I say there are many reasons to dance on the moguls’ grave. First is the corruption exposed in London, the institutional incest between news media and government, and the pernicious, unfair, and unbalanced influence on public policy. Next is the breaking up of the mogul’s monopoly control of the means of distribution, now that we all have a Gutenberg press in our pockets. We may at last recapture our public sphere.
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Ah, but how can we attend the moguls’ wake without hoisting a glass and telling a tale or two? Here are a few of mine …
At the San Francisco Examiner (and Chronicle), I was Sunday news editor, producing the Ex’s share of a widely vilified weekend paper. It was our burden to run a weekly editorial by William Randolph Hearst, Jr. We were to refer to him at WHR. Part of my job was to edit his tomes. Problem was, they made no fucking sense. I didn’t know it, but I was witnessing the twilight of the family’s control. WRH was tolerated but soon professional managers ran the company for the family.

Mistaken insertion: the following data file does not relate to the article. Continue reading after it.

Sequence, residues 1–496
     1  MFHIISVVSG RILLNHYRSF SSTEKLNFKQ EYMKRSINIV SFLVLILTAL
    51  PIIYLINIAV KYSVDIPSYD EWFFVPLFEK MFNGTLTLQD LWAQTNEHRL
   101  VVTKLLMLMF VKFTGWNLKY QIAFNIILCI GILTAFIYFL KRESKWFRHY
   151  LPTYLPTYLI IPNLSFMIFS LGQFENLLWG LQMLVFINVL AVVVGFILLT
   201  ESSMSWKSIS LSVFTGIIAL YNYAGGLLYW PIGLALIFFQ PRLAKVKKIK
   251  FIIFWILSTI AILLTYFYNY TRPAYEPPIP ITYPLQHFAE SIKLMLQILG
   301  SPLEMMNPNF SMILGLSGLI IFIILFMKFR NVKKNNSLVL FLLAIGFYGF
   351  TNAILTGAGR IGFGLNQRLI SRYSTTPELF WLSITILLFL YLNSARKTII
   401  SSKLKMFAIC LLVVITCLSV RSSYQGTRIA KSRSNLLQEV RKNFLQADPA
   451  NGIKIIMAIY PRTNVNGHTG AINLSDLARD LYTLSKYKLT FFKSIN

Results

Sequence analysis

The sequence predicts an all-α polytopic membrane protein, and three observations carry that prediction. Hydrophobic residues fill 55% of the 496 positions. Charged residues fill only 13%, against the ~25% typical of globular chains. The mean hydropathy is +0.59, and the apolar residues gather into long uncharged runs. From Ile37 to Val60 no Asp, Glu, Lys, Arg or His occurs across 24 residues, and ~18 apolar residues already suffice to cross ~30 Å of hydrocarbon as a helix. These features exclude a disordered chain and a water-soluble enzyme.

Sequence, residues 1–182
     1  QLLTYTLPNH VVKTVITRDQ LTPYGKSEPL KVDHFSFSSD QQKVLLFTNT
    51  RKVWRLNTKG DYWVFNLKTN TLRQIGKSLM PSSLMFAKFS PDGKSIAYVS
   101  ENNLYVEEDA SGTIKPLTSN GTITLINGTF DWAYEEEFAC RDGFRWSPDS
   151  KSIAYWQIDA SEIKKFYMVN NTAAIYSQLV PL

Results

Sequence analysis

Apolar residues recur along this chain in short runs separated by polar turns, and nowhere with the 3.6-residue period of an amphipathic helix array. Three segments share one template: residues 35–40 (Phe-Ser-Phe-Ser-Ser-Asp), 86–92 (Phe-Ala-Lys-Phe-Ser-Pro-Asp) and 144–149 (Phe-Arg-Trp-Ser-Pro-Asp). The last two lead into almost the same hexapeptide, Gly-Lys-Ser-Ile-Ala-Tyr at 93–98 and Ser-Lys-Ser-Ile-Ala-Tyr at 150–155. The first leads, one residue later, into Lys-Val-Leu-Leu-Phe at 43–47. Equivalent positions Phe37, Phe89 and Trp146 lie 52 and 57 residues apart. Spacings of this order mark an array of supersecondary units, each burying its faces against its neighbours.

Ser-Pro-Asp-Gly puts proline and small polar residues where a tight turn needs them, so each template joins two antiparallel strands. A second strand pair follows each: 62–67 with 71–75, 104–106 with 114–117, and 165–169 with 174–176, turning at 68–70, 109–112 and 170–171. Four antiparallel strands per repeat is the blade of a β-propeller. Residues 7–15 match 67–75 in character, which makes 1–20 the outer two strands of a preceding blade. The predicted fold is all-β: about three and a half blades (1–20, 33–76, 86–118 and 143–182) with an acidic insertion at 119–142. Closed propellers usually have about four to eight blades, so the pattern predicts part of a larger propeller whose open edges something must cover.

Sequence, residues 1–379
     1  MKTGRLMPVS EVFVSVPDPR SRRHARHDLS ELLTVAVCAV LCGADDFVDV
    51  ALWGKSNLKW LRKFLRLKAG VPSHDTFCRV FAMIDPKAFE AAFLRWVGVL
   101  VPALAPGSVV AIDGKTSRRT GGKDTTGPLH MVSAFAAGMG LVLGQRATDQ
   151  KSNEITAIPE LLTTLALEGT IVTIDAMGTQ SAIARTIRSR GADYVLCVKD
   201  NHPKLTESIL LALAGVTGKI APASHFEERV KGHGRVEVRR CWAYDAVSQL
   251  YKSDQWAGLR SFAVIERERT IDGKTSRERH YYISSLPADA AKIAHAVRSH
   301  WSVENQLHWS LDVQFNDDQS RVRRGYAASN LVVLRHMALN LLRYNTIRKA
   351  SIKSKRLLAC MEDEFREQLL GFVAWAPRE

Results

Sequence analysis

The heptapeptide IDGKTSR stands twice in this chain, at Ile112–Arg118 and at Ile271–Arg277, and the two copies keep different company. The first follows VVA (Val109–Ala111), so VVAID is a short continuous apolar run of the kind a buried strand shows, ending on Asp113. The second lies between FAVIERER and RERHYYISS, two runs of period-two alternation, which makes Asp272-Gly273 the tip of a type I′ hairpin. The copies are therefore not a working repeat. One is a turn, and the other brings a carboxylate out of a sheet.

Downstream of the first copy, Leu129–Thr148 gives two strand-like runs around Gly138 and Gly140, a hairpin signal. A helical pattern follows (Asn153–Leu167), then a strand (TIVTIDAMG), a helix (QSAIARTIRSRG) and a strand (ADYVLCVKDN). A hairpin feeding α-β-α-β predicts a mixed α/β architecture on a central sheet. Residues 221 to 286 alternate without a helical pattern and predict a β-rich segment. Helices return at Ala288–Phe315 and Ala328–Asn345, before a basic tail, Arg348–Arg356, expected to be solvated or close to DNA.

When I walked out of Entertainment Weekly in a huff and went to the New York Daily News as Sunday editor, a wag on the city desk said, “man, you just jumped from the frying to the microwave.” How right he was. We suffered through a brutal strike and a change of ownership to Robert Maxwell. It may not speak well for my character that he liked me.